YES, the president must get this decision right. He must take real care with the nomination of a new Supreme Court justice. He must name someone impressive who shares his judicial philosophy. And he must get that nominee confirmed.
It's important to say this now because the likelihood of a vacancy by the end of the current term or earlier, perhaps even next month, has markedly increased with the news that Chief Justice William Rehnquist, who is 80 and has served since 1971, has thyroid cancer and is undergoing both radiation treatment and chemotherapy.
Other justices may well also retire during Bush's second term. Both John Paul Stevens, 84, and Sandra Day O'Connor, 74, are older than retiring justices usually have been, and their length of service (29 and 23 years) exceeds the average during the last century. And it's not unthinkable that another justice or two might leave the bench. After all, of the remaining justices, only Clarence Thomas is younger than 65. Meanwhile, consider this: The Court has now gone more than 10 years without the subtraction and addition of a justice--a stretch of years without a change in justices exceeded only from 1812 to 1823. It's about time, as they say.
Of course, no one knows (or if he or she does, he or she isn't telling) when anyone might be stepping down. But an administration must be prepared for vacancies, and you can bet that the Bush administration long ago drew up a list and sorted through the pros and cons of more than a few potential nominees.
Still, the urgency of getting the first nomination right is hard to overstate, if only because the president may have only one vacancy to fill before he retires. And for obvious reasons, it is on the Court's center seat, Rehnquist's, that the president must focus.
Who should the nominee be? Let's assume for every lawyer on the president's shortlist a distinguished legal career, the right temperament for judging, and good character. The remaining but transcendent question involves judicial philosophy. During the campaign the president reiterated his desire to pick judicial conservatives. There are varieties of judicial conservatism, to be sure. Yet generally speaking, this approach to judging takes seriously the original intent of the Constitution, and thus resists the creation of rights not found in its text or history and defers to the decision of popularly elected branches. Also, it respects the structural dictates of the Constitution--most notably those involving the separation of powers and federalism.
A non-exhaustive list of outstanding lawyers in all other respects qualified for the High Court who may fairly be described as judicial conservatives includes a number of federal appellate judges: Sam Alito of the Third Circuit, J. Michael Luttig and J. Harvie Wilkinson III of the Fourth Circuit, Edith Jones of the Fifth Circuit, Danny Boggs of the Sixth Circuit, Michael McConnell of the Tenth Circuit, and John Roberts of the D.C. Circuit. And it includes at least three non-judges: Sen. Jon Kyl of Arizona and two first-term Bush appointees--former deputy attorney general Larry Thompson and former solicitor general Theodore B. Olson.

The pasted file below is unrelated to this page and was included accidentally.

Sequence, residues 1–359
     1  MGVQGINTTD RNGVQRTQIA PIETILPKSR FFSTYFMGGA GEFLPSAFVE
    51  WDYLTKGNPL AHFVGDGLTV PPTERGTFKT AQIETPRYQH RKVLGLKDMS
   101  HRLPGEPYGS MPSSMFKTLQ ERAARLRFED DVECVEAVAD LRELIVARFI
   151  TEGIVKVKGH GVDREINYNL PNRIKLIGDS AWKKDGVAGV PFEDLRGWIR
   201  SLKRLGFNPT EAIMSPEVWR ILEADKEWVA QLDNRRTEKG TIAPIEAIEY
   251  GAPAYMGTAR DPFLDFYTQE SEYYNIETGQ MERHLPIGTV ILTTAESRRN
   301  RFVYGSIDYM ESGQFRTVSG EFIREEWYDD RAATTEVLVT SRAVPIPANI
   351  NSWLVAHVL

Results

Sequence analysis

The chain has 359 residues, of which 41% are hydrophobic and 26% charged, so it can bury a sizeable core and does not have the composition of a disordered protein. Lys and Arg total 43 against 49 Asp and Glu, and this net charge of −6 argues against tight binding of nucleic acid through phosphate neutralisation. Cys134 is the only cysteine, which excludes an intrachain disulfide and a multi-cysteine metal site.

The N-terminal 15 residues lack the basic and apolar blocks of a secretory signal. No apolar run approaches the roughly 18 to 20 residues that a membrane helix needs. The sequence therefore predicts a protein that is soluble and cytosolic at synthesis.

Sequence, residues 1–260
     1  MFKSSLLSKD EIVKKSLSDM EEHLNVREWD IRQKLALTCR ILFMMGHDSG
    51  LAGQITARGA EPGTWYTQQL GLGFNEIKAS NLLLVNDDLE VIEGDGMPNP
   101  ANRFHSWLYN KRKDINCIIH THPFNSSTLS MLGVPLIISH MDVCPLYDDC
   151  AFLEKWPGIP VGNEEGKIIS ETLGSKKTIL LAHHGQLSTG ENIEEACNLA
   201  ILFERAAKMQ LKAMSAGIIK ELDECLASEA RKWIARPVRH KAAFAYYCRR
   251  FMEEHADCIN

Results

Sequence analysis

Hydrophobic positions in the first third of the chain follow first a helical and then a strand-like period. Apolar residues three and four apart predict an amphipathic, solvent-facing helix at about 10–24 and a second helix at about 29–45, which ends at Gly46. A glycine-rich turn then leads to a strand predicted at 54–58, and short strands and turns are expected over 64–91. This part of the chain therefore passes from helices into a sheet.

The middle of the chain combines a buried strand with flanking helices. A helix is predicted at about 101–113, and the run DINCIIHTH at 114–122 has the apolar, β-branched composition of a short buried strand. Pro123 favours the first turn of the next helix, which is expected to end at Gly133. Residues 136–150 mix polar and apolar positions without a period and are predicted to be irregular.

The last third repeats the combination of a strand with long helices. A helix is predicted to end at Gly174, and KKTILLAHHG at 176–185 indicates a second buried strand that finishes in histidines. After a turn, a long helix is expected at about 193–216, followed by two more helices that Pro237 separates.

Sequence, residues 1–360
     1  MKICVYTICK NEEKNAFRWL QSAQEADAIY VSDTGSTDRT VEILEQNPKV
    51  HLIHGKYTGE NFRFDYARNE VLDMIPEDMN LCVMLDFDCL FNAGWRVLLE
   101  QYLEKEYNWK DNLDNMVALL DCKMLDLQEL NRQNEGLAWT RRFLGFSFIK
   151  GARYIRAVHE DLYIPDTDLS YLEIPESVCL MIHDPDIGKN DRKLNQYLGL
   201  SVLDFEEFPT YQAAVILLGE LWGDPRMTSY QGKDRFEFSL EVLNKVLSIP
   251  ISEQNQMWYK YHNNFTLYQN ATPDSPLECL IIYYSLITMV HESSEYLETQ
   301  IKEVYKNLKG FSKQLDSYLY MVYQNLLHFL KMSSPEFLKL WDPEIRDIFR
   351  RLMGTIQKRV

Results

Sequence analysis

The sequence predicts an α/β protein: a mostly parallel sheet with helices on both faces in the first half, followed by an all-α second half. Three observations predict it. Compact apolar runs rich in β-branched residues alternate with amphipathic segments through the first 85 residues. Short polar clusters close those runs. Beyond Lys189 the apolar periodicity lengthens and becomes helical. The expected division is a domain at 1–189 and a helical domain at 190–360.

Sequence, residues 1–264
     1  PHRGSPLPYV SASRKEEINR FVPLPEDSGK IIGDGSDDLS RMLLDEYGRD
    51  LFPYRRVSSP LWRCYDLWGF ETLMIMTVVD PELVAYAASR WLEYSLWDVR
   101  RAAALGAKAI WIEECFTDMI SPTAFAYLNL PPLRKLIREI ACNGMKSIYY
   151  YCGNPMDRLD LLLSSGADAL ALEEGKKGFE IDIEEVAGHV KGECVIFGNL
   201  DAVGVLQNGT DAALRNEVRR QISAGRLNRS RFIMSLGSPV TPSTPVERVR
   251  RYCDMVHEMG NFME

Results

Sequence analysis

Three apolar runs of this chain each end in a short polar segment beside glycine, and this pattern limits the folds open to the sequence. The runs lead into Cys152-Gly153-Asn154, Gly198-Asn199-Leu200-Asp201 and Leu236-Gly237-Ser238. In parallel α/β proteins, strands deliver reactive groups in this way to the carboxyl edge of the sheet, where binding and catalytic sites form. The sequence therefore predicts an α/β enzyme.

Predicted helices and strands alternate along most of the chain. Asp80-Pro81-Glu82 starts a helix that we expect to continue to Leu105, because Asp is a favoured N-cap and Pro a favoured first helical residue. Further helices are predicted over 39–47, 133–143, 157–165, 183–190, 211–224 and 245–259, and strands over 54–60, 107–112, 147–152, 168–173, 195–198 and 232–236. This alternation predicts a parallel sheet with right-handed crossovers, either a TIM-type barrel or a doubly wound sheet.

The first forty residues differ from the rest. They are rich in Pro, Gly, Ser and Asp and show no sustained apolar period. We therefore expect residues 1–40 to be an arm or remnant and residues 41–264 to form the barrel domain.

In choosing a nominee, the president undoubtedly will consider some other factors. One, in the special case of nominating a leader for the Court, concerns the very nature of the position: The chief justice is chief justice not of the Supreme Court but of the United States. As such, he has supervisory responsibility for the entire federal judiciary and often a higher visibility than his colleagues. And inside the Court, a dexterous chief can influence the Court's direction, maybe not by much, but still by something. Then, too, there is age. The younger the new justice, the longer the individual's service and influence might be.
Finally, there is the nature of the nominee's legal experience. The Court is dominated by former circuit judges. The appeals courts are an obvious place to look for new justices. But good justices can come from other places--indeed, Rehnquist was in the Justice Department when President Nixon appointed him to the Court. Right now the Court has no one with prior experience as broad as Thompson, who has been a defense lawyer and also a federal prosecutor, a U.S. Attorney, a corporate attorney, and also deputy A.G., in which capacity he ran a Justice Department with a budget of $25 billion and 110,000 employees forced to quickly adjust its priorities in the wake of 9/11. By the way, that Bush nominated Alberto Gonzales as attorney general and not Thompson suggests to us that the president sees Thompson, as he should, as a serious prospect for the Court.
Whatever else Bush may take into account in selecting the first nominee, he must make sure that he picks a bona fide judicial conservative. Not only might the president not get another chance to nominate a justice, but it would make no sense to replace a judicial conservative, which Rehnquist most demonstrably is, with someone whose philosophy of judging is the opposite or, more likely, indiscernible because undeveloped. (Repeat after us: No more Souters--but also no more O'Connors.) Furthermore, a judicial conservative can be confirmed. Those Senate Democrats who insist on maintaining the Court's current ideological balance cannot credibly object to a successor to Rehnquist who holds the same philosophy as he. And moderate Senate Democrats can tell liberal interest groups that, after all, because this is already a "conservative seat," they can't be expected to go up against a recently reelected president on this nomination.
The president should be willing to expend in behalf of his choice some of that political capital he talked the other day about having earned. But the stars are well aligned for his first nomination: The president has every opportunity to select a stellar constitutional jurist, and to get him (pretty easily, we suspect) confirmed. Just do it.
--Terry Eastland, for the Editors